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Monogatari's Got What Teenage You Needs
Alexander Smit

Author: Alexander Smit

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Monogatari's Got What Teenage You Needs

Let me start by saying that this article is probably a bad idea. The teenage experience is diverse enough that putting “The” in front is more outright lie than bending of the truth. I speak only from my personal experience of having known and still knowing a great many teenagers, towards a group that, if not united, I understand to at least be held together in vague parts by experiences of a similar nature: teens.

As teens we are told that our time as such is finite. Both our troubles and our dreams will soon pass together with our adolescence. Whether this commentary proves true or not, it is usually ignored; we spend many years trapped in our own heads, unwilling or unable to imagine a life after high school. Just because our problems are fleeting does not mean that they are not real, and just because our perspective is limited does not mean it can rightfully be ignored.

In comes Monogatari, crashing into our lives. Anime already looked different to most other things we watched, but from its first episode, Monogatari sets itself apart with sudden, urgent shifts in animation style, subliminal flashes of text, and a never-ending stream of rapid-fire dialogue, to name a few of its most salient features. More things the first two episodes feature: Tsundere service in the form of Hitagi Senjyogahara, fan service shots of said tsundere, short but explosive glimpses of fights against the supernatural, and the fictional groundwork for a world wherein many such fights can still happen. It's all very enticing yet familiar stuff and the spoonful of capital “S” Style that envelopes the whole thing, while pushing some away, is bound to pull more than a few in.

What makes Monogatari special is the constant balancing act it performs between subverting the very things that make it attractive and endorsing them. It would be wrong to say that Monogatari tricks you into deeper meaning, because that would mean it rejected the initial assumptions about it: that it would be a bit of escapist wish-fulfilment with an especially strong sense of personality.  The hero, Araragi, shows up, fights monsters, solves girls' problems, gets the girl, repeats, gets a few more girls, saves the world maybe. Bakemonogatari and Nisemonogatari, the first two seasons, play out according to this formula the most.However, for all of Araragi's self-sacrificial attempts at heroism, the story structure is constantly thwarting him from being one. From the very start Araragi's contribution to Senjyogahara's salvation - to bring her to specialist in the supernatural Meme Oshino, and to see her through her trial – is significant, but not wholly fulfilling. Araragi himself has to be saved from three out of five rescue attempts by a third party in Bakemonogatari, or he would have died uselessly. The confusingly named third season, Monogatari Second Season, goes further still by marking the total separation of Araragi and two of the original cast necessary to resolve their storylines, which it does by turning one into a poisonous presence for Araragi, and Araragi into a poisonous presence for the other.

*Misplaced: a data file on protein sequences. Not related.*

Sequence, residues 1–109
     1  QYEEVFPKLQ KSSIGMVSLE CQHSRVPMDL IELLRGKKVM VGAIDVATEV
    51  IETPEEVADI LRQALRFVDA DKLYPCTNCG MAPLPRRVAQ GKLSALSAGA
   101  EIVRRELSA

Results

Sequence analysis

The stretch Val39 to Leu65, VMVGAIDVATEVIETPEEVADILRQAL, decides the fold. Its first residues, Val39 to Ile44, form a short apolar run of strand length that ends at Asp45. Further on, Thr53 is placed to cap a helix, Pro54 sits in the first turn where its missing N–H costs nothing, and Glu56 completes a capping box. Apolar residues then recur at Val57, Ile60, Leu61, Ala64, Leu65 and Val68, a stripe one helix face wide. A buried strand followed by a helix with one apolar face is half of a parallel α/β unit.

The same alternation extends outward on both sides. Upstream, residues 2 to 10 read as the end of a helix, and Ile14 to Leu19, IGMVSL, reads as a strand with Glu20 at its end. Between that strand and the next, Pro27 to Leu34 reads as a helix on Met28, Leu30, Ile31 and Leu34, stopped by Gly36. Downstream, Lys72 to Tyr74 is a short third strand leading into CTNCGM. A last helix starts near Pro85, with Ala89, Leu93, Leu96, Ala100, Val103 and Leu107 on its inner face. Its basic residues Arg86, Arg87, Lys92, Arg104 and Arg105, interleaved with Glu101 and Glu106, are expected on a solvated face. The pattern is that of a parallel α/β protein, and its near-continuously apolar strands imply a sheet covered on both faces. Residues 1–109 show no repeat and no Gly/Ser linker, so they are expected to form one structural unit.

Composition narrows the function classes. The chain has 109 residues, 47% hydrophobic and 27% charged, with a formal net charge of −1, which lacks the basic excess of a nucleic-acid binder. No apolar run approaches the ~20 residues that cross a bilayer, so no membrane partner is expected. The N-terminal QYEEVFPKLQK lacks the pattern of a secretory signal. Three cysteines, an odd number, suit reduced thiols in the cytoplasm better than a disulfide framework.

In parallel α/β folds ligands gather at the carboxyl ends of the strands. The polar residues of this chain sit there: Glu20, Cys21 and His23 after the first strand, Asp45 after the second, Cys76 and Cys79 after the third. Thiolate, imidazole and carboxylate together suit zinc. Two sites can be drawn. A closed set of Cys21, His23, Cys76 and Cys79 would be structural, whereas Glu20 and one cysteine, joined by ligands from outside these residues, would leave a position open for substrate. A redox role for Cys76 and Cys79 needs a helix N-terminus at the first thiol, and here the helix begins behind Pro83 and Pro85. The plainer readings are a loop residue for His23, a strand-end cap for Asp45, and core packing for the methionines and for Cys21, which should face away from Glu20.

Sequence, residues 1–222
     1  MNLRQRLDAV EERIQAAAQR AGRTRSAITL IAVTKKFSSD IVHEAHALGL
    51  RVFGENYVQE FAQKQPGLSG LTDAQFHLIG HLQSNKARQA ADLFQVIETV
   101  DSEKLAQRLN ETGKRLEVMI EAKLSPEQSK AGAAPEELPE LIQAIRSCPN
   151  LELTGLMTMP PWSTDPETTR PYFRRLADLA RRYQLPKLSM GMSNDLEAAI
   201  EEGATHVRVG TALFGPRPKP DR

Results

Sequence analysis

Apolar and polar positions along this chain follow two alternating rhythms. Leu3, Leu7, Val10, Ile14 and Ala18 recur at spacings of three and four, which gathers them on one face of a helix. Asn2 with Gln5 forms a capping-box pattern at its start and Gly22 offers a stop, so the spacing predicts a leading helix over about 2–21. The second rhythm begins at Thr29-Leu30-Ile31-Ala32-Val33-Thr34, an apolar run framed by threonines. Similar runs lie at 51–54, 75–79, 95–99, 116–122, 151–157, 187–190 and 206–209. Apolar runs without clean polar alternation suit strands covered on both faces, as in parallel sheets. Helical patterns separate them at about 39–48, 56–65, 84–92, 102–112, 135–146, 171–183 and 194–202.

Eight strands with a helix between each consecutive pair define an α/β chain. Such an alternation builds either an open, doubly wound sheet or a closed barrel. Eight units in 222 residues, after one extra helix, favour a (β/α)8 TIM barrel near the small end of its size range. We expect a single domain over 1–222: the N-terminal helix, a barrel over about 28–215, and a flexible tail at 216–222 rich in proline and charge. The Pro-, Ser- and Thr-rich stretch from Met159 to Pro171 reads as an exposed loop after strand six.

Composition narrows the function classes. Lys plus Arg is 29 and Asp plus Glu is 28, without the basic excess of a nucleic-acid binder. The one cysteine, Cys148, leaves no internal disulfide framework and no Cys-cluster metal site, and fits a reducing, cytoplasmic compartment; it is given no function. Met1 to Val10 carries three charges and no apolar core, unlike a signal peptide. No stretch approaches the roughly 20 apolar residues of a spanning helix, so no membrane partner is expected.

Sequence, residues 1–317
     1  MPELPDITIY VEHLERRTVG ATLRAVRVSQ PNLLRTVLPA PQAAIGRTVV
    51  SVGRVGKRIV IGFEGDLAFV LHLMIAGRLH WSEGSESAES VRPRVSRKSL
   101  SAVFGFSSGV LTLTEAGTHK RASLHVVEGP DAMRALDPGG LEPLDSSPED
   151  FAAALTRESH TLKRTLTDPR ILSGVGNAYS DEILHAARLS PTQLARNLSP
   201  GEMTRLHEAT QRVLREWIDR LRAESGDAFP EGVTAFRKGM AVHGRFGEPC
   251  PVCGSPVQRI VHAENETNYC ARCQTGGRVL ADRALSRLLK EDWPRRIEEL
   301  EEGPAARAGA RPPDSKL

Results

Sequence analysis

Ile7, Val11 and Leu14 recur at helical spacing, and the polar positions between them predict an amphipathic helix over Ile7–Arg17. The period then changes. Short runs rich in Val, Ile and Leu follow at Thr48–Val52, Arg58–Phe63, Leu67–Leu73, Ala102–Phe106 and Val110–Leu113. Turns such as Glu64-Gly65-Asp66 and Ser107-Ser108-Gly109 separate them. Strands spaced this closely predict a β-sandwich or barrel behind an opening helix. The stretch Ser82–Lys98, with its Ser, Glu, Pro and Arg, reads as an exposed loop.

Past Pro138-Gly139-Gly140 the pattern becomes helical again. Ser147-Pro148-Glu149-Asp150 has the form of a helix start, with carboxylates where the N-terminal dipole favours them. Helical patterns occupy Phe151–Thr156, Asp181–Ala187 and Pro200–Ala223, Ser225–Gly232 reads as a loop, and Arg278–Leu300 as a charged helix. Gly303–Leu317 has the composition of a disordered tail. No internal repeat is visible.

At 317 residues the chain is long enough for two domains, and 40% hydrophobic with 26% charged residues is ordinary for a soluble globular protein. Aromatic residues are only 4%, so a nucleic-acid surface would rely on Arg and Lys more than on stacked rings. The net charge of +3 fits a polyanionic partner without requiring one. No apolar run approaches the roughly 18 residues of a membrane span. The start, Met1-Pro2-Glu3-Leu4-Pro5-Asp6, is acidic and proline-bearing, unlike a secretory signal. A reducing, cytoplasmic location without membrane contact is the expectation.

The purpose of this anti-escapist subversion, other than to show that Araragi has a deeply unhealthy and not all that helpful martyr complex, becomes fully apparent in Second Season. This is the season in which other characters start taking the protagonist role from Araragi for their own arcs. The first of these is the conclusion to one Tsubasa Hanekawa's character development and it is remarkable to learn how many of the series' quirks were to put us in Araragi's head space, rather than crucial elements of the series proper.

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